Near infrared (NIR) spectra of wood and wood products contain information regarding their chemical composition and molecular structure. Both influence physical properties and performance, however, at present, this information is under-utilised in research and industry. Presently NIR spectroscopy is mainly used following the explorative approach, by which the contents of chemical components and physico–chemical as well as mechanical properties of the samples of interest are determined by applying multivariate statistical methods on the spectral data. Concrete hypotheses or prior knowledge on the chemistry and structure of the sample—exceeding that of reference data—are not necessary to build such multivariate models. However, to understand the underlying chemistry, knowledge on the chemical/functional groups that absorb at distinct wavelengths is indispensable and the assignment of NIR bands is necessary. Band assignment is an interesting and important part of spectroscopy that allows conclusions to be drawn on the chemistry and physico–chemical properties of samples. To summarise current knowledge on this topic, 70 years of NIR band assignment literature for wood and wood components were reviewed. In addition, preliminary results of ongoing investigations that also led to new assignments were included for discussion. Furthermore, some basic considerations on the interactions of NIR radiation with the inhomogeneous, anisotropic and porous structure of wood, and what impact this structure has on information contained in the spectra, are presented. In addition, the influence of common data (pre)-processing methods on the position of NIR bands is discussed. For more conclusive band assignments, it is recommended that wood is separated into its components. However, this approach may lead to misinterpretations when evaluation methods other than direct comparison of spectra are used, because isolation and purification of wood components is difficult and may lead to chemical and structural alterations when compared to the native state. Furthermore, “pure” components have more distinct and symmetric bands that influence the shape of the spectra. This extended review provides the reader with a comprehensive summary of NIR bands, as well as some practical considerations important for the application of NIR to wood.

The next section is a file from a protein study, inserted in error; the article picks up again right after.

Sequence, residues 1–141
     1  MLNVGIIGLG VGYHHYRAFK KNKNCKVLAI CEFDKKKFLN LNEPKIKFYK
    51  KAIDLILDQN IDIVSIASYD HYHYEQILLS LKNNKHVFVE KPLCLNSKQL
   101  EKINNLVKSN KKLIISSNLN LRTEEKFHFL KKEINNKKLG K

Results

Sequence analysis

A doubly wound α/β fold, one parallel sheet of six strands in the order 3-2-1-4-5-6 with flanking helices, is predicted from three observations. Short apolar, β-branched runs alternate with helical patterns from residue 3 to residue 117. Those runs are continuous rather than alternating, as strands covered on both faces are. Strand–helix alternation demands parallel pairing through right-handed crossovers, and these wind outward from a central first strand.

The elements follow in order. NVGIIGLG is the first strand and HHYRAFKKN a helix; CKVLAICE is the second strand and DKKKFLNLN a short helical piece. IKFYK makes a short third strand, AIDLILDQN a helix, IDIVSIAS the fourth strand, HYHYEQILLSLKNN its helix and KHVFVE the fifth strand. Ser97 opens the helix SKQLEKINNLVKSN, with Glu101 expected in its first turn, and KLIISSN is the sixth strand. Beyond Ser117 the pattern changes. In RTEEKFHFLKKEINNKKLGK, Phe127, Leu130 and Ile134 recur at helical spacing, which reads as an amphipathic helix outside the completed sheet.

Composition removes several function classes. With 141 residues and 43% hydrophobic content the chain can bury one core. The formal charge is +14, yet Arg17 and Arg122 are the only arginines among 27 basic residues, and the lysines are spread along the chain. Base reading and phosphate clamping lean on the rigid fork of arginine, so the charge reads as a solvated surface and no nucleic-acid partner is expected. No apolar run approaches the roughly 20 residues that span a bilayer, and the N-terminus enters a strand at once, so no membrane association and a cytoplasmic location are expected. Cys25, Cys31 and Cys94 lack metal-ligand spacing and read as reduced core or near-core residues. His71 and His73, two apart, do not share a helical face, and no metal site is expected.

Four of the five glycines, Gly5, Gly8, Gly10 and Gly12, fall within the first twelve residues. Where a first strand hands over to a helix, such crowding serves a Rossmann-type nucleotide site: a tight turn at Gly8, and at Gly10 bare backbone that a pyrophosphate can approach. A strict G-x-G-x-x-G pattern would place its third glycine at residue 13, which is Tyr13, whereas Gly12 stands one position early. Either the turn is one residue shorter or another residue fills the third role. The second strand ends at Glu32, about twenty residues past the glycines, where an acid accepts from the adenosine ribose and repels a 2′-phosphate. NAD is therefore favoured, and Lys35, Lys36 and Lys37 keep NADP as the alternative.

© 2011 IM Publications LLP
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